Safety is key as area’s first full-scale theatre production opens

PROVIDENCE, R.I. (WLNE) — As the pandemic forces theaters across the globe to go dark, organizers here have decided the show must go on.

WaterFire is teaming up with The Wilbury Theatre Group for a production called Decameron Providence.

“This shared experience of gathering for storytelling is something that people all over the world love to do, and we’ve deprived ourselves of that for the last few months,” said Josh Short, artistic director of The Wilbury Theatre Group. “And I think it’s just a welcome relief, like a breath of fresh air.”

Literal fresh air: the performances are being held outdoors on WaterFire’s Providence campus in the name of safety.

“How do you recreate theatre and art in an exciting way that’s absolutely safe?” asked Barnaby Evans, the artistic director of WaterFire. “The most critical thing here, object one, is how to be safe.”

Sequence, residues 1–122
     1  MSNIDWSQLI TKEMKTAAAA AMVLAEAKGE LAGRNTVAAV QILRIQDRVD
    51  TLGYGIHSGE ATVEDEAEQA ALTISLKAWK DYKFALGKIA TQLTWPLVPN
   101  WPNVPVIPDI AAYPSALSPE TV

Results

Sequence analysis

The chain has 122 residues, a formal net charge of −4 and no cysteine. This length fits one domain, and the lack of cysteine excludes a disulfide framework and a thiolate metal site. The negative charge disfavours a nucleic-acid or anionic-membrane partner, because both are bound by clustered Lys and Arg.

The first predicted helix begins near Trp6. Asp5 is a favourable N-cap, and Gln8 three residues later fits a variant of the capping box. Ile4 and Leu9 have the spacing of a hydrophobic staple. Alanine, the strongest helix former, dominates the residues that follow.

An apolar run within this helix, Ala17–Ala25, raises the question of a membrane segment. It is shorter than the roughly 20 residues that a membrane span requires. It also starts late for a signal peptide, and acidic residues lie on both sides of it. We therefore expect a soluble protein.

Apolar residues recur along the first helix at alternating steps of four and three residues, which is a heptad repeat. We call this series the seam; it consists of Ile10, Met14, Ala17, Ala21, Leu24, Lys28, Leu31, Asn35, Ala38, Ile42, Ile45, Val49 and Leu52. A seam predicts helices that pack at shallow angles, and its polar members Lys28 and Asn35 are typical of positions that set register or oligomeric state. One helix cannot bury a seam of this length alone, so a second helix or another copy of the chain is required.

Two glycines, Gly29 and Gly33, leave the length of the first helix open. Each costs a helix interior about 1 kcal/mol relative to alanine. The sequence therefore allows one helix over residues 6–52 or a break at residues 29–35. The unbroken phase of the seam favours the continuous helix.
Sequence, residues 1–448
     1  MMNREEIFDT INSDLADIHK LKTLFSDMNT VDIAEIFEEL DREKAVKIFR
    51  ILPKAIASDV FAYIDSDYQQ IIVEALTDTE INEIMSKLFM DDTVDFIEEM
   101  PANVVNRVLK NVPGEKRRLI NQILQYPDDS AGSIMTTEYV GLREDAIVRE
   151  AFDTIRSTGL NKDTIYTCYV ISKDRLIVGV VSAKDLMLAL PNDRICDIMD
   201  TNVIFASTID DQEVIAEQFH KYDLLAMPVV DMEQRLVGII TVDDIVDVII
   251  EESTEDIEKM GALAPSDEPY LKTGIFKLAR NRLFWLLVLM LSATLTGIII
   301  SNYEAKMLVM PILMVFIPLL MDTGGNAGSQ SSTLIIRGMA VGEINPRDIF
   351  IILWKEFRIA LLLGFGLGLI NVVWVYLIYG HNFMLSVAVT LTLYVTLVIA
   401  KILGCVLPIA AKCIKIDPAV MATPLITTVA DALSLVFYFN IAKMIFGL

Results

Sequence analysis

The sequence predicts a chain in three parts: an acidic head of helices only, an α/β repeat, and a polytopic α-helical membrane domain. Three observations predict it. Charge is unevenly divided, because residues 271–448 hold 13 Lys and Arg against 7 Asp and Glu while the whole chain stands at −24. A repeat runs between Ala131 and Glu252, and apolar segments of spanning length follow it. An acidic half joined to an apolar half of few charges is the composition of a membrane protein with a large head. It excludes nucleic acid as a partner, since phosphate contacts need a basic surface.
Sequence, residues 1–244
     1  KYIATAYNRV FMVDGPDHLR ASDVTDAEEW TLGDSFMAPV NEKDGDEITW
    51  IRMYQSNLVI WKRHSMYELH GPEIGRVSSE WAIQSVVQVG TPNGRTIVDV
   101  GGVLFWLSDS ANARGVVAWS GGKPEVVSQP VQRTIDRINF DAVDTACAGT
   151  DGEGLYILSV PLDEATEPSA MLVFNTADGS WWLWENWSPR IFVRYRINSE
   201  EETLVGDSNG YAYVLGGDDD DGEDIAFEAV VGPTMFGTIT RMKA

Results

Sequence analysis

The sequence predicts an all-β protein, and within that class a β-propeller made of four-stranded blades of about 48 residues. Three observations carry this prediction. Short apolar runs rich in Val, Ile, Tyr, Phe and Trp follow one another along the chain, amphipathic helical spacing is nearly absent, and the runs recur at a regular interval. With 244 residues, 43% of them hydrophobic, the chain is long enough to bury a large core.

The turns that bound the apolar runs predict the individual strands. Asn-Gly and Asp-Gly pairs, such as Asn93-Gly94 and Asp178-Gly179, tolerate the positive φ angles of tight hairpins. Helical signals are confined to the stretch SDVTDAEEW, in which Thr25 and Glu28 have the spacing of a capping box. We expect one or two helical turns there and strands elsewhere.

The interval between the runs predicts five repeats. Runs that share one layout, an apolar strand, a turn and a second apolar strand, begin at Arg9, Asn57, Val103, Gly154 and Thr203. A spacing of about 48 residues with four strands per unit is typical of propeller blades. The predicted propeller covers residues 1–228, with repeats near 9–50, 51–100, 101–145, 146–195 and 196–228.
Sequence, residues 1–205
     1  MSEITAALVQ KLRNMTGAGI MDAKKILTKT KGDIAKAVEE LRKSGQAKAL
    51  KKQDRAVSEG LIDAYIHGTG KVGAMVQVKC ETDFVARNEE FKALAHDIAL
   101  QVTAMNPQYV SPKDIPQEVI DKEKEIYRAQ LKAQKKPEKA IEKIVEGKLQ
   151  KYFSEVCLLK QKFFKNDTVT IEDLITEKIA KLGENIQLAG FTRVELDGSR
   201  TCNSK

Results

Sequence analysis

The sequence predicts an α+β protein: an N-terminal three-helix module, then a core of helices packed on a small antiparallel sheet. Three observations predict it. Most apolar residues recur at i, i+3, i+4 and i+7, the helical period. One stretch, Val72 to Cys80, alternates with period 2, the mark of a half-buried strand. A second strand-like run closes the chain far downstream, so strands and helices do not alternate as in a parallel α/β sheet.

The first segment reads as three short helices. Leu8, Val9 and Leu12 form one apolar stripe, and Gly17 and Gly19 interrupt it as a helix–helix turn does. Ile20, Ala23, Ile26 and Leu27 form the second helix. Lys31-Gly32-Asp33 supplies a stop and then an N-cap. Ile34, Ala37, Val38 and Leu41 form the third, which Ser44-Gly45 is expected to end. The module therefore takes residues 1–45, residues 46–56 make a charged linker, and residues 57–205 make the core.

Organizers worked with a Brown University epidemiologist on the protocols: Audience members are screened using a medical questionnaire, and are kept in the same group of 10 to 15 people — wearing masks — as they travel around to a series of 20-minute performances. They are encouraged to bring their own lawn chairs or rent them.

Circles on the ground indicate where audience members should place their seats in order to be socially-distanced and enjoy the performance.

Those performances include live music, poetry, and dance, some touching on themes from the Bubonic plague and the 1918 pandemic, hoping to provide lessons on how to live through our current struggles.

“It’s interesting to kind of explore this idea that there are messages from the past that we can use today,” said April Brown of Langston Hughes Community Poetry, which has youth performers participating.

“How we can safely use art as a prism to better understand where we are today?” Evans said. “There’s a lot we need to talk about, including COVID. And art is a great lens for having that conversation.”

That’s even if that conversation is happening from six feet away.

“For us to say we have a way to gather people together to make this art happen, and to do it safely, I think everybody was just grateful to see that happen,” Short said.

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